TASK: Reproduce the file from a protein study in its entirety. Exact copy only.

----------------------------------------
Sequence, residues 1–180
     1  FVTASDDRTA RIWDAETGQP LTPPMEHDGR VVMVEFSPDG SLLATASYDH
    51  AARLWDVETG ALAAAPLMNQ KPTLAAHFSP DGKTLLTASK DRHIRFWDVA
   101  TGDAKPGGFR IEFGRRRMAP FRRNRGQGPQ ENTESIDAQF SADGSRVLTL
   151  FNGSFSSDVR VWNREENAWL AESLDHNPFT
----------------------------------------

Sequence, residues 1–180
     1  FVTASDDRTA RIWDAETGQP LTPPMEHDGR VVMVEFSPDG SLLATASYDH
    51  AARLWDVETG ALAAAPLMNQ KPTLAAHFSP DGKTLLTASK DRHIRFWDVA
   101  TGDAKPGGFR IEFGRRRMAP FRRNRGQGPQ ENTESIDAQF SADGSRVLTL
   151  FNGSFSSDVR VWNREENAWL AESLDHNPFT